COVID-19 has righted some wrongs in my life.
Sometimes, I feel like my last few years of teenhood were robbed by COVID-19.
Studying and working from home became the norm, which meant that I seldom met my friends. I missed out on overseas trips with loved ones and, until now, the many new restrictions make it hard for me to truly enjoy my time out.
But to call COVID-19 “the most unfortunate” thing that has happened to me would be inaccurate. Despite all these negative things, the pandemic has brought me so many good things.
Before the pandemic started, I was constantly busy, spending most of my time on campus. When I wasn’t in school, I’d be at work.
This meant that I was only home to sleep, with barely enough time to sit and enjoy a proper conversation with my family who were also busy with their own schedules. Although we had free time over the weekends, we would usually be too tired to go out together.
But with COVID-19, most of us had to work and study from home, giving us opportunities to spend more time together. Not only did we watch movies together on weekdays, we also went cycling on weekends.
As we saw each other almost all the time, I managed to get much closer to my family at home.
I have to admit that my family was growing apart as we got older, and we needed this time together. It may sound odd, but I’m thankful to the pandemic for bringing us closer than ever.
While I got closer to my family, I grew apart from certain “friends”.
Since I started online lessons and had to cut down on physical interactions, I saw my coursemates and friends less.
At first, I would make the first move to check up on my friends. We Skyped on most nights and went over to each other’s houses when it was safe to do so.
But being apart for months at a time took a toll on some of my friendships. I noticed how it was always me initiating a conversation or meetup, so I decided to lay low for a while.
It didn’t take me long to realise that my “friends” treated me like a second choice, someone they only looked for when they had no one else to be with.
To be honest, I wasn’t surprised when some of them never bothered to reach out to me. While I was tempted to reach out at some points, I changed my mind as I did not want a one-sided relationship.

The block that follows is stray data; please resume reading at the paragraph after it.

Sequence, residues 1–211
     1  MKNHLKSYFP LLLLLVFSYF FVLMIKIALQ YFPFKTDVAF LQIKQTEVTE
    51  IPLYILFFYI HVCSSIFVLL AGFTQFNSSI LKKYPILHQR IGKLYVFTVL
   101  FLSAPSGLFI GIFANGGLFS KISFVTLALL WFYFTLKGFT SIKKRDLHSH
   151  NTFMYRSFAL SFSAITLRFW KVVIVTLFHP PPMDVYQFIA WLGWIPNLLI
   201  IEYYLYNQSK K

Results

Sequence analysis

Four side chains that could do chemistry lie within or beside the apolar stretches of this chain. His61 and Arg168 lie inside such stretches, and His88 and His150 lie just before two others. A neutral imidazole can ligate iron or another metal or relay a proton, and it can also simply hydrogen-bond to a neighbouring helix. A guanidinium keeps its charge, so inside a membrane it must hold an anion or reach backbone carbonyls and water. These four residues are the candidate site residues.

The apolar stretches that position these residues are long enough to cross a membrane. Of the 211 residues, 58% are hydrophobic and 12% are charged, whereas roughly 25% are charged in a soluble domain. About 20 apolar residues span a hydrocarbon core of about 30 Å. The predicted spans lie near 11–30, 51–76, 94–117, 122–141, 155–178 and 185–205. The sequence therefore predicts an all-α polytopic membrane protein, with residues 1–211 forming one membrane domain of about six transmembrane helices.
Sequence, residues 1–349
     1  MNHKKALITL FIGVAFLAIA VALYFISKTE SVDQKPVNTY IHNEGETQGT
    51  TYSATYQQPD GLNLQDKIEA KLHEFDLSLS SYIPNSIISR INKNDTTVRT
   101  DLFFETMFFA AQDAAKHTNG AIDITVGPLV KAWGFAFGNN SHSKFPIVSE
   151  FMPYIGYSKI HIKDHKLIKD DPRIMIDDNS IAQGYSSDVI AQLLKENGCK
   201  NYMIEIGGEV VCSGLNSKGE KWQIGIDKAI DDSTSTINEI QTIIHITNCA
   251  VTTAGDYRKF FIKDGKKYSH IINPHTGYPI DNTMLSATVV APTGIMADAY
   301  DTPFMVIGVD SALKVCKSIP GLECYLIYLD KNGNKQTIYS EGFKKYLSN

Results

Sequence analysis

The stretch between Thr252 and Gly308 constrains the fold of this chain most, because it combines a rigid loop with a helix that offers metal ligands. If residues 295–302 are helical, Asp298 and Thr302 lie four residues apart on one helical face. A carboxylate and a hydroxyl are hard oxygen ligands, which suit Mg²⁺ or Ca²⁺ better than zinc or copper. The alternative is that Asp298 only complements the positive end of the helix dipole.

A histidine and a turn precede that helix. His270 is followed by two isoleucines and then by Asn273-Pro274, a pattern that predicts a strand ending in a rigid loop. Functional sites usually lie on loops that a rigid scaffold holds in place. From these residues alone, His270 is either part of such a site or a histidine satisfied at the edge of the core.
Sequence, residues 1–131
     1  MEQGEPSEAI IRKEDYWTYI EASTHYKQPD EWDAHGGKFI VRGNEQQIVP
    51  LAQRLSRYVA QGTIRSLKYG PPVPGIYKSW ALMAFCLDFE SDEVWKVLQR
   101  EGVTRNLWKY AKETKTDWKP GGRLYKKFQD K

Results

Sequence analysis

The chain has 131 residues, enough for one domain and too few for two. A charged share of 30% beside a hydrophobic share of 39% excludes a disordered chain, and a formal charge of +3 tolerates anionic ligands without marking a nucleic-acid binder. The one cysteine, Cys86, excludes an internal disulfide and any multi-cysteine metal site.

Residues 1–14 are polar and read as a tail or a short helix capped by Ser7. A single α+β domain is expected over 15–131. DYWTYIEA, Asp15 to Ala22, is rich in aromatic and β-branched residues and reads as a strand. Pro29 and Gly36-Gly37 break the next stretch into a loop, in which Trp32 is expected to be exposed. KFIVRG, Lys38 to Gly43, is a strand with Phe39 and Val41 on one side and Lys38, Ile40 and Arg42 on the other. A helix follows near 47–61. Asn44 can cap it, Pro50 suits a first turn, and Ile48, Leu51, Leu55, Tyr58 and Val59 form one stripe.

From there, I was able to figure out who would be there for me through my tough patches.
Though low-maintenance friendships exist, it is important to ensure that it isn’t only you doing all the work.
If this happens to you, you might initially be sad. But on the bright side, you get to really know who you can call your genuine friends.
By realising who my true friends were, I managed to better focus my time on them. Come to think of it, because my circle of friends became smaller, I knew I could trust them all.
Before the pandemic, most of my attention and time were diverted to studies and work. I was both mentally drained and less physically active.
As I lived over an hour away from campus, online lessons saved me loads of travelling time. This gave me a little taste of self care, and I decided to use this opportunity to improve my physical and mental health.
I started to read again, organised my days with a planner and did light exercises in the morning.
I experienced many benefits once I started doing these. Now, I spend less time on screens and get less headaches. My eating and sleeping schedules are also back to normal, and I feel more energised and motivated for the day.
I wasn’t just healthier, but I was happier as well. With my new lifestyle, I finally felt content with myself.
Since I was at home most of the time, I cut down expenses on transport and meals, and saved more money.
A few months into working and studying from home, I saw how quickly I managed to save up. In return, I was motivated to work harder to earn more money.
Though my normal life will eventually resume, all the money I’ve saved up can be used as a “head start”’ for my early years of adulthood. But for now, I’m glad I can express my gratitude to my mother by treating her at nice restaurants.
I’ve always wondered how different things would’ve turned out if the COVID-19 pandemic never happened.
I could’ve gone for that school trip to Thailand, I would have benefited from hands-on lessons, and I’m sure I would have enjoyed my time at prom night.
Thinking about how much I lost truly upsetted me, until I realised that blinded me from seeing what I’ve gained. From healing myself to rebuilding bonds with family members, COVID-19 has taught me so much more about myself and others.
Perhaps spending the last few years of my teenhood in this pandemic wasn’t so bad after all.
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